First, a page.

by Thomas Hornigold — filed to The Lab

We live with a hectic news-cycle where the threat of nuclear war seems to ratchet up all the time. Tech giants like Elon Musk and Stephen Hawking warn that soon artificial intelligence can pose an existential threat. Climate change continues to rumble ominously in the background of our minds, and of current events. Even in academia, institutions like the Centre for Existential Risk in Cambridge and the Future of Humanity Institute in Oxford will project dire warnings about the possibility for the apocalypse in the 21st century. It might seem that all hope for life is lost: but this isn’t strictly accurate.

New research from the University of Oxford suggests that, even if the worst happens, only intelligent life is doomed. David Sloan, Rafael Alves Batista & Abraham Loeb of the University of Oxford published a research paper, The Resilience of Life to Astrophysical Events, in Scientific Reports in July. In it, they attempted to answer a question of deep relevance to the search for extra-terrestrial life: what does it take to sterilise a planet entirely?

The famous Drake equation contains many of the parameters that need to be considered when attempting to work out the chances of finding intelligent aliens. One key parameter is how long life can endure on a planet. For us to detect aliens, it’s not just a question of being near enough to them in space; we’ll need to be close to them in time, as well. Researchers attempting to resolve the Fermi paradox – the question of why no alien life has yet been detected – have in the past suggested that astrophysical events may be responsible. Gamma ray bursts and supernovae deposit energy into the surrounding regions of space at incredible rates, and could potentially destroy or sterilise any unfortunate planet in their path. If these events are common enough, it could be that alien life is regularly scrubbed out by exploding stars, explaining why we’ve been unable to find any.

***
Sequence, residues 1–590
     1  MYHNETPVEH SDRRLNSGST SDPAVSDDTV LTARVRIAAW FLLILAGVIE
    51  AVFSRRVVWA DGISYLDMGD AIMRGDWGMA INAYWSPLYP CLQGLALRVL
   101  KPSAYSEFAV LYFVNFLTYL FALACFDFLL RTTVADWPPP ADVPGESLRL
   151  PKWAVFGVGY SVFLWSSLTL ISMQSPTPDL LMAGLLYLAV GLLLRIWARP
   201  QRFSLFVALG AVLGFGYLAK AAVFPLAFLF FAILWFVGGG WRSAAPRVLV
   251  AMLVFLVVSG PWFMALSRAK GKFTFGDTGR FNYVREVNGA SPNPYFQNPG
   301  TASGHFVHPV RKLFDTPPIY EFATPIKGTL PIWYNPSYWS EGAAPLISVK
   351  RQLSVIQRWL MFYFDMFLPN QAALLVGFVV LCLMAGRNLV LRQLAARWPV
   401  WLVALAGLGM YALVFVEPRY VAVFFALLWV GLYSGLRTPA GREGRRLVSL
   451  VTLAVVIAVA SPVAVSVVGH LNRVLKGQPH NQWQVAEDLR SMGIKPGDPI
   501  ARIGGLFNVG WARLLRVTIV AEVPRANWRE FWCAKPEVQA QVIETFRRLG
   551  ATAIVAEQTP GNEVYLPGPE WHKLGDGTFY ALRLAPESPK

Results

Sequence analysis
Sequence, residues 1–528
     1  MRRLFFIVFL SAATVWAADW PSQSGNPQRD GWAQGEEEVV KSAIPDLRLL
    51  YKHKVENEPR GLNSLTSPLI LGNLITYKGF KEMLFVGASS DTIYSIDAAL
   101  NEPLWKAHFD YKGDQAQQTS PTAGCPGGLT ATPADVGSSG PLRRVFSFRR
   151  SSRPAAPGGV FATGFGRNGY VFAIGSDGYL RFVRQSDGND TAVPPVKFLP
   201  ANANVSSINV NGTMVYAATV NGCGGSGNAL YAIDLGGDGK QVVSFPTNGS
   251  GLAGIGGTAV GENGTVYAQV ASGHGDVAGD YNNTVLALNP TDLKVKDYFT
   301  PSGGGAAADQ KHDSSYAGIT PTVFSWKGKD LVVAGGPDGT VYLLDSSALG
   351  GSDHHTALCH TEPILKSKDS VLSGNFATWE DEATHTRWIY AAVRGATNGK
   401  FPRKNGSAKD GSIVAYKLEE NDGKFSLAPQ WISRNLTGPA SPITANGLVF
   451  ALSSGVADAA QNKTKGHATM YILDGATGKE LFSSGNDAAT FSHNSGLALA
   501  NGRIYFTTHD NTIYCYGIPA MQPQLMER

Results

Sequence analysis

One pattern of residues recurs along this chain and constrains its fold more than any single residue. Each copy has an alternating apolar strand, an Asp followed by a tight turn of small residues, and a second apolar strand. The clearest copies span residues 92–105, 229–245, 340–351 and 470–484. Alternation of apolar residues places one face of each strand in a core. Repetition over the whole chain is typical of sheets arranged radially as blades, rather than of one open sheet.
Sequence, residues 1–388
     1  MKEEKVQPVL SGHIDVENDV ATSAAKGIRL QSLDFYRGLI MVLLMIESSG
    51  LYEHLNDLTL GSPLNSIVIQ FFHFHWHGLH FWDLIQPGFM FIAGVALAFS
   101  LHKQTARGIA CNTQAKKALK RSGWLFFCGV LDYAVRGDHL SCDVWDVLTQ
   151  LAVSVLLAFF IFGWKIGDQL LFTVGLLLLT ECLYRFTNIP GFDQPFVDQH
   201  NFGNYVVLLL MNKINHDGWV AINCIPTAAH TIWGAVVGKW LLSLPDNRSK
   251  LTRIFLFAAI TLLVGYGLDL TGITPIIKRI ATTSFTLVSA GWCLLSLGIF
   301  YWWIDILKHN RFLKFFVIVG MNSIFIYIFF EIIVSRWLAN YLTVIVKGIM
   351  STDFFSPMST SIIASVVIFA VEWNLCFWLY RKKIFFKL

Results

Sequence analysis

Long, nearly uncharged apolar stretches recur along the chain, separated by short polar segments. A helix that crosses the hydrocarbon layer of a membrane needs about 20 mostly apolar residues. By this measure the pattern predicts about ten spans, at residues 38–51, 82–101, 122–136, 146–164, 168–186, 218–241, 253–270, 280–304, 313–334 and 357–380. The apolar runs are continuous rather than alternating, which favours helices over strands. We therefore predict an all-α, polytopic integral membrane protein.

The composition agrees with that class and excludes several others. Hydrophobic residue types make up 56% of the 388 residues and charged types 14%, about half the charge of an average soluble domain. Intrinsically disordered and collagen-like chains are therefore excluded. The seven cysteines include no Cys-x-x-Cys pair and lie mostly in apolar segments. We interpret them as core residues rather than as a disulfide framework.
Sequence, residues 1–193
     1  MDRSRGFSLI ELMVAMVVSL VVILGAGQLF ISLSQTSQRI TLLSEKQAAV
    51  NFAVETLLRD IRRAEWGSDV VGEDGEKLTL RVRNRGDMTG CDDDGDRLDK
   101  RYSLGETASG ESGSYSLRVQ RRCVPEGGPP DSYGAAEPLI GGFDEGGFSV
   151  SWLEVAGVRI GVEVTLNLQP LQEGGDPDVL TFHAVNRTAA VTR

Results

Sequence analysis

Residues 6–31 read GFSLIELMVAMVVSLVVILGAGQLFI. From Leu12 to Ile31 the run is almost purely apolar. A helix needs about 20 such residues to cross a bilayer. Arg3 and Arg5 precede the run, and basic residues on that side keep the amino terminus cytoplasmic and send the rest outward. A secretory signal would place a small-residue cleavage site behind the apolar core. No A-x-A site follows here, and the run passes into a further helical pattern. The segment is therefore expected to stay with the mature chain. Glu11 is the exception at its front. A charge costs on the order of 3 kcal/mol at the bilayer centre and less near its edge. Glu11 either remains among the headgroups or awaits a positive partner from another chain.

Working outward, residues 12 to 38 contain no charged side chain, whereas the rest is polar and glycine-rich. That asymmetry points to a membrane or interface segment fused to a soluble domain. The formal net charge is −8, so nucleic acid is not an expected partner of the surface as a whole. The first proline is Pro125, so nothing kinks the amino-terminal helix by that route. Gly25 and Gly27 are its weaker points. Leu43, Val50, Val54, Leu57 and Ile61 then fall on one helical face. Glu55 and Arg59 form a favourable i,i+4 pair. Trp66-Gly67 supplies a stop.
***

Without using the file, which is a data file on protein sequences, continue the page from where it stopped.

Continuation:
Tardigrade (Credit: Wikipedia Commons)

But this research suggests otherwise. Sloan, Alves-Batista and Loeb decided to work out how resilient life was by choosing the hardiest creatures known to us. There are microbes called extremophiles that positively relish living in the kind of conditions that would kill ordinary life, including high doses of radiation and acidic waters. The researchers chose the tardigrade, or water bear – not technically an extremophile, but hardy nonetheless. These microscopic, eight-legged animals can survive temperatures as low as 1K – colder then liquid nitrogen, and close to absolute zero. Other species can survive at a roasting 420K or 150 Celsius – well above the boiling point of water. Even blasting a water bear into outer space won’t necessarily kill it.